When I decided to go part time when my children were young, my husband and I sat down and talked about how the loss of income would affect our household. I knew the schedule would make our lives easier, but I also hated giving up half my salary and becoming more dependent on my husband to support our family.
Conversations about money and work are common in households across the country. Or, at least they should be.
Instead, couples seem to be communicating less and hiding more from their significant others -- particularly as people work longer hours or get married later and have their own credit and debt. Indeed, Fidelity Investments found that 72 percent of the couples surveyed believed they communicate well. But four in 10 of the pairs didn’t know how much their partner earned, and one in five admitted to hiding some of their finances from their significant other.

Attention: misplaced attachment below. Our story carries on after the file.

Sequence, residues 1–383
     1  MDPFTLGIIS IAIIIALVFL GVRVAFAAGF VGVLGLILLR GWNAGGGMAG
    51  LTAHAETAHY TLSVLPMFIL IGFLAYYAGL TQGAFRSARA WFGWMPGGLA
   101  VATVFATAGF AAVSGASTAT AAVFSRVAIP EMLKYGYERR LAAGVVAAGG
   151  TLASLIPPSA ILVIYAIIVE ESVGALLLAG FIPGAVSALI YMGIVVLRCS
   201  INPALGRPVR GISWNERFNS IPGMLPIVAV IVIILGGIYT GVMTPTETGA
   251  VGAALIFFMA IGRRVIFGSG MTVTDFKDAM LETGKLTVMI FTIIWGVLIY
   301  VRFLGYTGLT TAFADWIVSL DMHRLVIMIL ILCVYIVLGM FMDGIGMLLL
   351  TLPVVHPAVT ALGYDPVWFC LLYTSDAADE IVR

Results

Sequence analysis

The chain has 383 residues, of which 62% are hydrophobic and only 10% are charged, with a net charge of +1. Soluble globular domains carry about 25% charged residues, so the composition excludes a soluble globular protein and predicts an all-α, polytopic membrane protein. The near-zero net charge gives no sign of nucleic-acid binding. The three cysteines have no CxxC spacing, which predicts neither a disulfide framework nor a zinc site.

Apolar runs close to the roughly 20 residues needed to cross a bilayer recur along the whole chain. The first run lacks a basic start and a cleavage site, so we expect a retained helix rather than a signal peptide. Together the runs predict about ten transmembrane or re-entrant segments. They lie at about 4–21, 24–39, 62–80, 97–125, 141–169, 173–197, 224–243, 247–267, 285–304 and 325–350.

As today's workers struggle with work life balance, there are more financial questions that they face (Is this job worth the time demands? Should I start my own business? Should I ask for a reduced schedule? Should I demand a raise? Should the breadwinner have more say over spending?)
I tackled the topic in my Miami Herald column today
and in it I shared a piece of advice from Jeff Motske,
a financial adviser and author of A Couple’s Guide to Financial Compatibility
. Jeff suggested couples have a financial date night once a month. He isn't advocating you show up with bank statements or a paycheck stub. He simply says sit down together in a stress free environment and talk about income and expenses, goals and dreams, work hours and income. Jeff says financial date night helps to get couples on the same page and reduce arguments that can destroy a marriage.
Experts say it's okay to have separate accounts and it's okay to have splurge money and it's even okay to keep pouring money into a business rather than taking a salary ---as long as you and your partner are open about it and communicate with each other. With bank statements now digital and online access to accounts, it's easier than ever to keep money secrets. But is it worth it?
Repeatedly, money is mentioned as the top source of arguments in marriage. Yet, all healthy marriages have disagreements over money, So, it seems well worth the effort to make a financial date night and get concerns out in the open. I'm planning mine, are you?